The tangerine darter occurs in clear, cool and warm large creeks and small rivers with moderate grade. It typically inhabits deeper riffles and runs with bedrock, boulder and gravel substrate for most of the year and moves into deeper pools in the winter. Females and the young are sometimes found in calmer water. Occurrence in sandy gravel areas may be only during the breeding season, primarily from May through June but sometimes into July. Typically, males mature by the end of their first year, and most or all 2-year-old females are mature, with their life span extending a little over 4 years. Spawning is keyed by water temperature and occurs on gravel riffles. Most of the spawners are 3 to 4 years old. During spawning, the female is mounted by the male; both quiver while simultaneously releasing eggs and sperm onto the gravel. This process is repeated many times until the female releases all of her eggs—typically 120 to 1,100. Unlike many darter species, the tangerine darter does not exhibit parental care. The typical length of a juvenile after a year of growth is 2 to 3 in. The tangerine darter is most active in the early afternoon and usually obtains its food from riverweed beds by nipping aquatic insects from the vegetation or substrate. Juveniles feed primarily on mayflies and midges and shift to caddisflies and mayflies as adults. Adults have been observed rolling small gravel to feed on exposed prey.
Because the tangerine darter is a nongame fish, it rarely interacts with people. Occasionally anglers catch these darters by accident while fishing with small baited hooks or artificial flies. This strikingly beautiful fish is best seen by swimming with mask and snorkel. By swimming slowly and without sudden movements, you will be rewarded with a close view and an opportunity to observe its behavior. Keeping this large and demanding fish in an aquarium is best left to the most experienced aquarists. Casual collecting and attempts to keep it in captivity are discouraged. Like many of our native species, tangerine darters are sensitive to habitat degradation, such as excessive sediment. Following best management practices to reduce erosion throughout western North Carolina is vital to the conservation of this species.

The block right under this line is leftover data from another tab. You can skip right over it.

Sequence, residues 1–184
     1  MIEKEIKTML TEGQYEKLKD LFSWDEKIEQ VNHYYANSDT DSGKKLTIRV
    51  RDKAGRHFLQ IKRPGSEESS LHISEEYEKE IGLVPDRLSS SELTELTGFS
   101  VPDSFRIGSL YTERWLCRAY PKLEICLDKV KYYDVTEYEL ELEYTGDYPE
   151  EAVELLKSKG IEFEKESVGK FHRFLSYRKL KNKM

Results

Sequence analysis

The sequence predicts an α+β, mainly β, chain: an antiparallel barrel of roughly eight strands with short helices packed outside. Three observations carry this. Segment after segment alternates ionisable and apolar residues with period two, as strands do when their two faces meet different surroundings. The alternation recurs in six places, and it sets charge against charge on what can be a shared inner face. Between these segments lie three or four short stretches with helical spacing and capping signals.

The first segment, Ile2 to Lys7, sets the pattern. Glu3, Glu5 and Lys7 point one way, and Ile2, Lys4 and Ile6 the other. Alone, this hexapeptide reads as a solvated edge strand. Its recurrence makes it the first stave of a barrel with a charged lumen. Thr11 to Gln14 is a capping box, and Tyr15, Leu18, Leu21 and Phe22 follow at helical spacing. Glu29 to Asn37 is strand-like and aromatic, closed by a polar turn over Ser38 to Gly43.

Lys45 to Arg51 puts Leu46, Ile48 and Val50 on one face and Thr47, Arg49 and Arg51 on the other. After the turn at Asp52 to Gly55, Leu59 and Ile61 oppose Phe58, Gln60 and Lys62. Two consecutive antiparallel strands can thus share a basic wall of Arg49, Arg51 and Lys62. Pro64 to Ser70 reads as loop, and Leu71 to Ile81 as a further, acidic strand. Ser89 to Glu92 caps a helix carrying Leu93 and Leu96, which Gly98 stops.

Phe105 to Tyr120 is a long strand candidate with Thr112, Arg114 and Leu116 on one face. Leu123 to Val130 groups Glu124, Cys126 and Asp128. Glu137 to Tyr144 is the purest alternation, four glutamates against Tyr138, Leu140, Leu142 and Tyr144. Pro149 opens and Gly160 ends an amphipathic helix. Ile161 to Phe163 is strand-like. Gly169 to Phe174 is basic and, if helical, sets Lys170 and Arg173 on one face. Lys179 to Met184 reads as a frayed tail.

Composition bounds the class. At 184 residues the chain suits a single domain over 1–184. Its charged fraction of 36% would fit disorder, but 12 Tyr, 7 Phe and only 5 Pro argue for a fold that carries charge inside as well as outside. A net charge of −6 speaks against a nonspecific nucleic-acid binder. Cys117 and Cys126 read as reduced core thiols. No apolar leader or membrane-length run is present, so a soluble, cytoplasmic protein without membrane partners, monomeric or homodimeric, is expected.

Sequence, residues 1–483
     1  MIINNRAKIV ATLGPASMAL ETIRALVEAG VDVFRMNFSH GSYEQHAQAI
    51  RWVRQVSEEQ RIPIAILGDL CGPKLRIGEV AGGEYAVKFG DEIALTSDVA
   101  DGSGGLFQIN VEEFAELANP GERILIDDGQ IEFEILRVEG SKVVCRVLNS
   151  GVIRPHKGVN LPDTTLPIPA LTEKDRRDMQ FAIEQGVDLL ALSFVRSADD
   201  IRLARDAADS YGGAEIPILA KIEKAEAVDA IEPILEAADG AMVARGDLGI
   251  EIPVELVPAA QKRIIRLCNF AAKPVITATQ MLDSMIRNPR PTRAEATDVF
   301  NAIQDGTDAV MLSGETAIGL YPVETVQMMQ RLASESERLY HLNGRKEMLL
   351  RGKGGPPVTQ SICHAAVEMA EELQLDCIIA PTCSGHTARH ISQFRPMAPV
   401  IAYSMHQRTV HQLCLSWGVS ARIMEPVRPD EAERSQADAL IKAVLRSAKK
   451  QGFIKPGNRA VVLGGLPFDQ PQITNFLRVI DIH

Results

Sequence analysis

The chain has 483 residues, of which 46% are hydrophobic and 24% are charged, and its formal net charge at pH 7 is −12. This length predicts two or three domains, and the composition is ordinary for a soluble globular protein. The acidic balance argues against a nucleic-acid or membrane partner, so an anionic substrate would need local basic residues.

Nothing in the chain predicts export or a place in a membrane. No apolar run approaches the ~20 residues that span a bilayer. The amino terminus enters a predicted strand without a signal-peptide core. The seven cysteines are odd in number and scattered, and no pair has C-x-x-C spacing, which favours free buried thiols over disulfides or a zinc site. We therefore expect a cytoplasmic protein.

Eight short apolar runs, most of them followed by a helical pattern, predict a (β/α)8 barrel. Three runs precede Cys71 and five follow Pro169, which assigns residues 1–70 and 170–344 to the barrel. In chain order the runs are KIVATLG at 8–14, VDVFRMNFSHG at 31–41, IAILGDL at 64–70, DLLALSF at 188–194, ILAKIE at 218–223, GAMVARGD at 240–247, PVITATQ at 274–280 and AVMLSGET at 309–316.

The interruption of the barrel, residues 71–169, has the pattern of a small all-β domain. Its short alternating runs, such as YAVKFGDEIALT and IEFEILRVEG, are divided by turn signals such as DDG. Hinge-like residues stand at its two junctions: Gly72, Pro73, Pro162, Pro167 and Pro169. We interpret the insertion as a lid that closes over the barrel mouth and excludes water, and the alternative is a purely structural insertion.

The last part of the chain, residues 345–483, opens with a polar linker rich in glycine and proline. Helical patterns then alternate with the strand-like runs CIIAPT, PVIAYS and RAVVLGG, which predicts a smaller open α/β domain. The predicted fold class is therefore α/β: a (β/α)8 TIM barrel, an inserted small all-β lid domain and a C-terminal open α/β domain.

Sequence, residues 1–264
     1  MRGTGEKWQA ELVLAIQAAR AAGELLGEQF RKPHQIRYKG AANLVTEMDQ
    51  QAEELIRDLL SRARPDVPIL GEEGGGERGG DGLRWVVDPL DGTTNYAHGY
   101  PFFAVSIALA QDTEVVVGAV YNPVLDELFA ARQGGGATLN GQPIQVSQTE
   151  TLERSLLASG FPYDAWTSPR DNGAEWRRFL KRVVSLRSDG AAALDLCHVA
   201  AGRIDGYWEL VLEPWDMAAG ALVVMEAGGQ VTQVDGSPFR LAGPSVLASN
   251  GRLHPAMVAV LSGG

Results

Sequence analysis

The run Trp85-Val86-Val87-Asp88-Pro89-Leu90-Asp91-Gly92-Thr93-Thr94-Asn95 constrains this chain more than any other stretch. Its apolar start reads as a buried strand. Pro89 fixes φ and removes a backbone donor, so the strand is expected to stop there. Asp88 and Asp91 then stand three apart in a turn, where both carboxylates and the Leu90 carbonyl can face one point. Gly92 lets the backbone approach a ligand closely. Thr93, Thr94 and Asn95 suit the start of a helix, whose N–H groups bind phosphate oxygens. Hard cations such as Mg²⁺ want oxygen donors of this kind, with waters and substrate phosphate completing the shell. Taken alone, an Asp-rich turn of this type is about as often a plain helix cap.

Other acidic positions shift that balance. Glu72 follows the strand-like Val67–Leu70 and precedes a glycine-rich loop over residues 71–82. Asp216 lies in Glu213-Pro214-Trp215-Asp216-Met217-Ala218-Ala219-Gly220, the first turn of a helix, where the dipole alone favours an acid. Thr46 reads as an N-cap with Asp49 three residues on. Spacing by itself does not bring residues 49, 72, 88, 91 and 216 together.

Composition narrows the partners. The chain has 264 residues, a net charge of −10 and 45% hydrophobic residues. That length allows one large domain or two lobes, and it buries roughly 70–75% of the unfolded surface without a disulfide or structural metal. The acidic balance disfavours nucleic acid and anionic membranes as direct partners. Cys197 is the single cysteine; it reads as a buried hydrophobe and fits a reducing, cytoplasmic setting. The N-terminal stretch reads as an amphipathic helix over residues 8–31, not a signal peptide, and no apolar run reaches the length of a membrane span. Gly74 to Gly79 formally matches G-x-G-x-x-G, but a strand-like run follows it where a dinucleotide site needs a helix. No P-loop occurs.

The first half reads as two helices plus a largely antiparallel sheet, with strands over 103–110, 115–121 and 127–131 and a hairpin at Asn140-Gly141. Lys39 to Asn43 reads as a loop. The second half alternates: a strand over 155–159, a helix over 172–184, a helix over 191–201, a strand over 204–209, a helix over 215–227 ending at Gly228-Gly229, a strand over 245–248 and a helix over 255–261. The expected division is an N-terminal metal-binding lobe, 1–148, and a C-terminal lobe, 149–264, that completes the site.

Status of the tangerine darter in North Carolina is tracked as part of routine regional monitoring surveys by NCWRC staff and partners. Tangerine darters are also part of our cooperative effort to restore fishes to the Pigeon River as it recovers from decades of severe pollution from a paper mill. Tangerine darters are collected from the upper Pigeon River in North Carolina and used for captive propagation to help restore the species to the lower Pigeon River in Tennessee. Recent monitoring in the recovering reach of the Pigeon shows the tangerine darter population increasing in number and now occupying much of the 20-mile reach between the paper mill at Canton and Walters Reservoir.
Etnier, D. A. & W. C. Starnes. 1993. The Fishes of Tennessee. Knoxville, Tenn.: The University of Tennessee Press.
Jenkins, R. E. & N. M. Burkhead. 1994. The Freshwater Fishes of Virginia. Bethesda, Md.: American Fisheries Society.
Menhinick, E. F. 1991. The Freshwater Fishes of North Carolina. Raleigh, N.C.: N.C. Wildlife Resources Commission.
Page, L. M. & B. M. Burr. 1991. A Field Guide to Freshwater Fishes: North America North of Mexico. Peterson Field Guide Series, #42. Boston, Mass.: Houghton Mifflin Company.
Rhode, F. C., R. G. Arndt, D. G. Lindquist, & J. F. Parnell. 1994. Freshwater Fishes of the Carolinas, Virginia, Maryland, and Delaware. Chapel Hill, N.C.: The University of North Carolina Press.
Illustrated by USGS, Florida Integrated Science Center. Photos by N.C. Wildlife Resources Commission, darter on stones by J.R. Shute, Conservation Fisheries, Inc.
Produced by the Division of Conservation Education, Cay Cross–Editor.
14 June 2010 | Fraley, Steve; Watson, Brian T.